The Australian Copyright Council has urged businesses to tread carefully when using YouTube content to avoid copyright infringement.
ACC legal officer Fiona James says there’s a major misconception surrounding online content and copyright, and businesses can find themselves in hot water.
“A lot of people think that because something’s been put up on the internet by somebody that it’s a free-for-all, which isn’t the case,” James says.
“In terms of infringing material, we’re aware that YouTube endeavours to work within the copyright laws … but some material is going to slip through the cracks and there have been court cases involving that.”
“You need to be aware that some user-generated content such as YouTube may infringe copyright and if you go ahead and use infringing content – whether or not you’re aware of it – you’re likely to be liable.”
According to Naked Communications co-founder Jon Wilkins, advertisers in particular are guilty of plagiarising YouTube videos if they fail to credit and pay the authors of any artistic works they adapt for commercial purposes.
“For all of us … who use YouTube for inspiration, that is stealing,” Wilkins says.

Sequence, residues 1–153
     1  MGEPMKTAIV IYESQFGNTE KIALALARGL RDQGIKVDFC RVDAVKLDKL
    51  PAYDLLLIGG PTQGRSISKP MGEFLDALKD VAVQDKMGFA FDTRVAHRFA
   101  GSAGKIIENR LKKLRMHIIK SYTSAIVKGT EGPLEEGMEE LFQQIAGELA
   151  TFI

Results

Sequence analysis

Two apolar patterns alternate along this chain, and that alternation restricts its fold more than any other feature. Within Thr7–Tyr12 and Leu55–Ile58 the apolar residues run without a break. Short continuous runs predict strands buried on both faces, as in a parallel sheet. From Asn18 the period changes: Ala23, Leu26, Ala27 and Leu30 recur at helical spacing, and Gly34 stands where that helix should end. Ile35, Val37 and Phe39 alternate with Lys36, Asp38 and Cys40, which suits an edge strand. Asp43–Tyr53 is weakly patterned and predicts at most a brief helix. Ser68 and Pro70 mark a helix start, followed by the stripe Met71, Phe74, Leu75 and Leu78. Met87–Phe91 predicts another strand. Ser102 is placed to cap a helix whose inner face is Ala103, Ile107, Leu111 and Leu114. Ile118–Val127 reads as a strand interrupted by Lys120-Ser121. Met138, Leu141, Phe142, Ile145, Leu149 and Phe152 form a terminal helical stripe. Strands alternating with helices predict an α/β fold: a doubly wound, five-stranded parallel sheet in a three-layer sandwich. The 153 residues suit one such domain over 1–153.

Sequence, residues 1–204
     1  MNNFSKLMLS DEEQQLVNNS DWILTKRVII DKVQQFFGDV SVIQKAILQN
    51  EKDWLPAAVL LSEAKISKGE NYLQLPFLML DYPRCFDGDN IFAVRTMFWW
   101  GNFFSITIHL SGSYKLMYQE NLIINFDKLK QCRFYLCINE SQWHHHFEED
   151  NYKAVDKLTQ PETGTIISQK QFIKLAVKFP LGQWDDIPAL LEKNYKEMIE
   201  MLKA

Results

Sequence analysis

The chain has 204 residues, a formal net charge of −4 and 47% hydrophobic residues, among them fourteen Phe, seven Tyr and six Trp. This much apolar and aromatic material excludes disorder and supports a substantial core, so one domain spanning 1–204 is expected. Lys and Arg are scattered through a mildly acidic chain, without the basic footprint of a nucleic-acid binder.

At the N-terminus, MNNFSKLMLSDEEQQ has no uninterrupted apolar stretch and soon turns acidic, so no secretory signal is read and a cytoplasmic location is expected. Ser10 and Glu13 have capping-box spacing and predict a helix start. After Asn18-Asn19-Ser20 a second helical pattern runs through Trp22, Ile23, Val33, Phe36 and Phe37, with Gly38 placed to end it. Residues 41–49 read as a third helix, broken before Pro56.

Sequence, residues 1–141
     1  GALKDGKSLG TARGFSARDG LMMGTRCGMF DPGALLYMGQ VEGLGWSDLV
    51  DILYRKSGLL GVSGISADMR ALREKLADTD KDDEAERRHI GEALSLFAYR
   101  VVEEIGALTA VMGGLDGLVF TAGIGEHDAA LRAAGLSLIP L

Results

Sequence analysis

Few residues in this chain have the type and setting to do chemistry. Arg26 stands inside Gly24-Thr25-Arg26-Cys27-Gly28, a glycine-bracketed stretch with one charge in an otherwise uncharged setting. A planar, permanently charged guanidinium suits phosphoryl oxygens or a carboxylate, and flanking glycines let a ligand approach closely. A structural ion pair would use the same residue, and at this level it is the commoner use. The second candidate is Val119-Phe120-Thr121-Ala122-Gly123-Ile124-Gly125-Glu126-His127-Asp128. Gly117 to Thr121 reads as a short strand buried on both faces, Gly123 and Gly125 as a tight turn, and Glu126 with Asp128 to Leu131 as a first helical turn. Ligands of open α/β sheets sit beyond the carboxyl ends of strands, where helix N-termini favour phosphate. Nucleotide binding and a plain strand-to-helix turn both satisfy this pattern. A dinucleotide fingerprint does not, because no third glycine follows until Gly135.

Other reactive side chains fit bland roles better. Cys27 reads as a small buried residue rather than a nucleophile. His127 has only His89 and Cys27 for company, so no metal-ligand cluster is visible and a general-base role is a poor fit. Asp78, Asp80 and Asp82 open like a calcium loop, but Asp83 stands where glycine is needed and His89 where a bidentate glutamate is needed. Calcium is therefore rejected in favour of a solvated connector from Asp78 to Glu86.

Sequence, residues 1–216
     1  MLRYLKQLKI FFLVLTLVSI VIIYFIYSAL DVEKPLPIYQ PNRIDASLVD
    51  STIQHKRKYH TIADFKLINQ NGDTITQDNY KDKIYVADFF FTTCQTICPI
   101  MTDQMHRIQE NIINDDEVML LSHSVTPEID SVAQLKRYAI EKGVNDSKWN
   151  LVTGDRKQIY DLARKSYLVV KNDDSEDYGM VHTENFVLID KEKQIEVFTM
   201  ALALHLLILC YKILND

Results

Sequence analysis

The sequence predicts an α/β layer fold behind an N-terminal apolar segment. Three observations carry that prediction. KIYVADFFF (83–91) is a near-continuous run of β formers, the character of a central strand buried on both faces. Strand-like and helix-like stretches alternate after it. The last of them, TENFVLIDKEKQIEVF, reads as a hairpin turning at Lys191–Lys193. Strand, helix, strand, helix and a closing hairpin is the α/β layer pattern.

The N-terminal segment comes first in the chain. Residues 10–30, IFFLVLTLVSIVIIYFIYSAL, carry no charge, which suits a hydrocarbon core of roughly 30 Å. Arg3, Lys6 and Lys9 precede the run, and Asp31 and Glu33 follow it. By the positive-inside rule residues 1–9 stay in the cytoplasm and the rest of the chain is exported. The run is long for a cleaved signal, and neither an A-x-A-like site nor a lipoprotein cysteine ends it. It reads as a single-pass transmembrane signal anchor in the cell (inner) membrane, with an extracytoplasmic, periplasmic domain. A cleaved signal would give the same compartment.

James says there is a range of penalties associated with copyright infringement, the most common of which is damages.
If businesses are looking to use YouTube content, James strongly advises them to contact the creator of the material, whose name will often appear alongside the content.
“In doing so, there’s a few things that you need to be aware of. A YouTube video might contain several types of copyright material,” she says.
“The video itself would be protected by whoever created it, but then there might be music or sound recordings in the background, which are separately protected by copyright.”
“In any case, where you get permission from somebody, you need to ask yourself: are they in a position to be giving me that permission?”